Here is the same slope photographed late last June when I was lucky enough to spend four days in Copenhagen at the botanic garden and the Herbarium doing research for my trip to Greece and Turkey. The plush leaves were unbelievably big and lusty! Yeee HAW!

View of the same patch from another angle...

Closer view of the clump--0with withered remains of flower stems

I remember the first time I saw the plant was at Hidcote Manor in Gloustershire in England--growing along a path: I think this is a different form with much glossier leaves. Scan of a transparency taken in 1981--nearly 35 years ago! This is a passion that's persisted!

Another shot of the Hidcote plant--quite fetching. It would be fun to see this growing alongside the form we grow and the one from Copenhagen for comparison....

 And here is another slightly different form from RBG Kew likewise taken in 1981.

The species comes from the foothills of the Himalaya--and not at the highest elevations at that. Which may explain the deciduous habit? I wonder how many times it's been collected there, and what other sort of variation might exist in gardens today. All I know that deciduous or note, it's a plant I would not to be without!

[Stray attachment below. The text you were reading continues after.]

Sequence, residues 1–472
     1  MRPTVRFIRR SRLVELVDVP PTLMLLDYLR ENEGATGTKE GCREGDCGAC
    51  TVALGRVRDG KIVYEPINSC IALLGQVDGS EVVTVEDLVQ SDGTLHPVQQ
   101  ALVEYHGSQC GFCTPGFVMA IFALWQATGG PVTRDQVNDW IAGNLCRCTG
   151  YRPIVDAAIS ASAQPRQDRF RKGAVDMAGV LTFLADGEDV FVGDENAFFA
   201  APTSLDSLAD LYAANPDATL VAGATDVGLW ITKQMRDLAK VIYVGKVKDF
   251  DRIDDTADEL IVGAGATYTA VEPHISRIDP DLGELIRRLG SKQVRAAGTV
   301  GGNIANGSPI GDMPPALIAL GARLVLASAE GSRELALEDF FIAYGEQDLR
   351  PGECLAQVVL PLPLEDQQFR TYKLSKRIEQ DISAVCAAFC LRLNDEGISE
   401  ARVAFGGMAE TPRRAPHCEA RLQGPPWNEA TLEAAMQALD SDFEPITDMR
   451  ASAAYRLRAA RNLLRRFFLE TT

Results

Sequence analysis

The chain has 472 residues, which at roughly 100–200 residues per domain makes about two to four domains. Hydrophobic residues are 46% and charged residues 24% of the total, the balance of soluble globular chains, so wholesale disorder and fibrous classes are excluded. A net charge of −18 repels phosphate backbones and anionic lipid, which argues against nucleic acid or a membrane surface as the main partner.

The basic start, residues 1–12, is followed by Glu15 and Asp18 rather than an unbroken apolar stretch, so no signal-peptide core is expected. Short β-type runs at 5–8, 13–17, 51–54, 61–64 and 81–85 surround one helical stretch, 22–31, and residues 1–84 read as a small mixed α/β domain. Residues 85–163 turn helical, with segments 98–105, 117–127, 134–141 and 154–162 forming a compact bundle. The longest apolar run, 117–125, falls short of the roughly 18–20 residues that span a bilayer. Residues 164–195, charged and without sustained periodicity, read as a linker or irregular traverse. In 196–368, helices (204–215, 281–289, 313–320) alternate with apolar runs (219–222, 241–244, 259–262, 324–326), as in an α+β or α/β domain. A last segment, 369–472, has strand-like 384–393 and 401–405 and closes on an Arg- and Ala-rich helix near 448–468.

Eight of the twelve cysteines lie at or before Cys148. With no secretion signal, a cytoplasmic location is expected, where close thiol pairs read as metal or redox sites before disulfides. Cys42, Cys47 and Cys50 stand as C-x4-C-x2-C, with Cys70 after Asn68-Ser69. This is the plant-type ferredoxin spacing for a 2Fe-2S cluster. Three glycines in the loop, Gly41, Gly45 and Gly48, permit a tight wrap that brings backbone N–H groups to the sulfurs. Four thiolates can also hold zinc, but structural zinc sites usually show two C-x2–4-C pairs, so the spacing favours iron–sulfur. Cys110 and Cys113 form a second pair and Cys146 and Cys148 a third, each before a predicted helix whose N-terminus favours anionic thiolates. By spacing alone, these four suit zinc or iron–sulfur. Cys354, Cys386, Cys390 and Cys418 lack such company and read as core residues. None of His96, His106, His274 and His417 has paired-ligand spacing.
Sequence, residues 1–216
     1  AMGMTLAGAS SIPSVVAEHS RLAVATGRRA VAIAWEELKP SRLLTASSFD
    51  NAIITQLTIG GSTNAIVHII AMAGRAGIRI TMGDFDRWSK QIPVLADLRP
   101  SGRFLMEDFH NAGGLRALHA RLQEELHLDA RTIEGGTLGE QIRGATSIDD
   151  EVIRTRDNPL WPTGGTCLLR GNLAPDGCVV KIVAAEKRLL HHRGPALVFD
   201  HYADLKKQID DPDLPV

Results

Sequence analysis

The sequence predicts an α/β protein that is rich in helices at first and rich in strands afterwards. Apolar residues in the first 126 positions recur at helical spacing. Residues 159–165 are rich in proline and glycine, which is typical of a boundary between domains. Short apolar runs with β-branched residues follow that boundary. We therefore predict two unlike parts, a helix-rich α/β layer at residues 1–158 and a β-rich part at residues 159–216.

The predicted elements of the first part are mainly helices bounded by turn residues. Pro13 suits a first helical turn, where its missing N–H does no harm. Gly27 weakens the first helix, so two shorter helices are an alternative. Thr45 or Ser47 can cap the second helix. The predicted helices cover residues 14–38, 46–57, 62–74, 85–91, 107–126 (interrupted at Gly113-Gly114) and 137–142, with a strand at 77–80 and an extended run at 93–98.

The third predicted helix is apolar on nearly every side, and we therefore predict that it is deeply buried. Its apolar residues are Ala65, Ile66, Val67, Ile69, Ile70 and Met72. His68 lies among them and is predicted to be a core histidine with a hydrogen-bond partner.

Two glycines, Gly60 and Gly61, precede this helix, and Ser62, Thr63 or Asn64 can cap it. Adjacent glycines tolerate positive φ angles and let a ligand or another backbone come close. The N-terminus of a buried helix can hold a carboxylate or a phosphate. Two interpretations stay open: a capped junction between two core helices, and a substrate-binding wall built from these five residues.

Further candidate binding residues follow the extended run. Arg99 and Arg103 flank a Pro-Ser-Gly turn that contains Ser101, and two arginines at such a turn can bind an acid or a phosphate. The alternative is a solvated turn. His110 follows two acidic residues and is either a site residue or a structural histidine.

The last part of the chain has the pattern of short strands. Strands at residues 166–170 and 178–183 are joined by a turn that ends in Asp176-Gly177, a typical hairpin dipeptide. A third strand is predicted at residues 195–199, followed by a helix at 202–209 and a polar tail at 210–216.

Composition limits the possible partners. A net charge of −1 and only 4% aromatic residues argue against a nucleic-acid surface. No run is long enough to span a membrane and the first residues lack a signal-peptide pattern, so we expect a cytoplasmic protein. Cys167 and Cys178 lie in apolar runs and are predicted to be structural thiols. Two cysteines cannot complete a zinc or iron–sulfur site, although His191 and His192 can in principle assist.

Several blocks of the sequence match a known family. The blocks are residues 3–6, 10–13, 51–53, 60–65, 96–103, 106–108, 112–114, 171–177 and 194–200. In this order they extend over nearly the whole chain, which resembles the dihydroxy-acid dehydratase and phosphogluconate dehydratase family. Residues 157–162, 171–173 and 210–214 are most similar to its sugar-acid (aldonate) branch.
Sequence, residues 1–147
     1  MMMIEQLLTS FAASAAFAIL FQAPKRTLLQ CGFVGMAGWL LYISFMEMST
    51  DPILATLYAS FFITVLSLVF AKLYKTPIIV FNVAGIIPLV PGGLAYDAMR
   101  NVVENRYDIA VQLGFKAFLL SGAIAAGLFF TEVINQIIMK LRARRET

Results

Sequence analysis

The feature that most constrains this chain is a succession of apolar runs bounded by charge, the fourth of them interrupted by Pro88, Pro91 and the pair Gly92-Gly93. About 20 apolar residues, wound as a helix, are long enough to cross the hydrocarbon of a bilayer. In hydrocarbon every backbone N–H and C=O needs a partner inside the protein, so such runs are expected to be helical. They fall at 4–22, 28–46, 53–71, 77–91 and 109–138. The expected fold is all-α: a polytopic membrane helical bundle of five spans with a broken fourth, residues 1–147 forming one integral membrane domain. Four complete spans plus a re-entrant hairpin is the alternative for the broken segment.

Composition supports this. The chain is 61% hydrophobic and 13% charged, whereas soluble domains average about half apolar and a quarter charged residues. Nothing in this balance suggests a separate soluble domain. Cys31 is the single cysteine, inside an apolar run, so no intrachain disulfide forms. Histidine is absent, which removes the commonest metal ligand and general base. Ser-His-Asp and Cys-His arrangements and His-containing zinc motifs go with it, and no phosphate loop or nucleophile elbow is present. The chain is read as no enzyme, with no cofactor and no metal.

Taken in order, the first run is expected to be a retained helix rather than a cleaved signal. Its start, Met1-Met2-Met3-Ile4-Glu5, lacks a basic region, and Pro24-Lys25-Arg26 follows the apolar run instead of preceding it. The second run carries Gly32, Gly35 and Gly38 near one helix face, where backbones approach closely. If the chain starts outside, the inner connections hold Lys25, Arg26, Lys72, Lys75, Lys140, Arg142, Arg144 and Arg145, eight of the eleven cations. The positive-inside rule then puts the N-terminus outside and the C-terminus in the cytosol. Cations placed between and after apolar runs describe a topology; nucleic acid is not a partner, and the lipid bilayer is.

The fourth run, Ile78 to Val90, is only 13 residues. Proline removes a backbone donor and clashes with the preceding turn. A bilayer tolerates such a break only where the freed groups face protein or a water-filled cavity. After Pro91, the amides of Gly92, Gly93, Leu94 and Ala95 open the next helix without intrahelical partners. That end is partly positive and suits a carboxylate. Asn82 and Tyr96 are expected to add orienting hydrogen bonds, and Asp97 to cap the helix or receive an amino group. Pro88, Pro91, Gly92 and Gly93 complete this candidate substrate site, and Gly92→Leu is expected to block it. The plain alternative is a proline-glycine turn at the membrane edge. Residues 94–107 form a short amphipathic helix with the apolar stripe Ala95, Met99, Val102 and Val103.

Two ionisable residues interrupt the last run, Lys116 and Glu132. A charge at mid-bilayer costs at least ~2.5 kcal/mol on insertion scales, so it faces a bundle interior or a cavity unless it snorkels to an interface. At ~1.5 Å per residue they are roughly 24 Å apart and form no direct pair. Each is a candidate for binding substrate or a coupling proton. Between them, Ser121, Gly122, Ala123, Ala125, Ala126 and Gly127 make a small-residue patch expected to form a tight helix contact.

I wonder if I'll ever be lucky enough to ever go to its wild haunts: I would love to append some pictures of it in nature...instead, my next blog will feature a fabulous Bergenia I HAVE seen and photographed above treeline in the Himalaya--possibly the hardiest and most vigorous of all...

Wednesday, October 28, 2015

The roses of Denmark

I know these aren't roses: encouintered on the WAY to the rose garden

Before I showed the perennial garden--this is the rose garden portion of the King's Garden

Once again, I think the garden speaks for itself: not many comments from me are needed.

Rosa 'Fellowship' (Floribunda) Harkness 1992

Rosa 'Ashram' (Hybrid Tea) 1998

Another small border

The Castle near the rose garden

Fabulous rose-draped gazebo: don't you love the petals on the ground?

I love seeing the gardener's carts...

There were wonderful climbing roses all over Copenhagen--here are just a taste..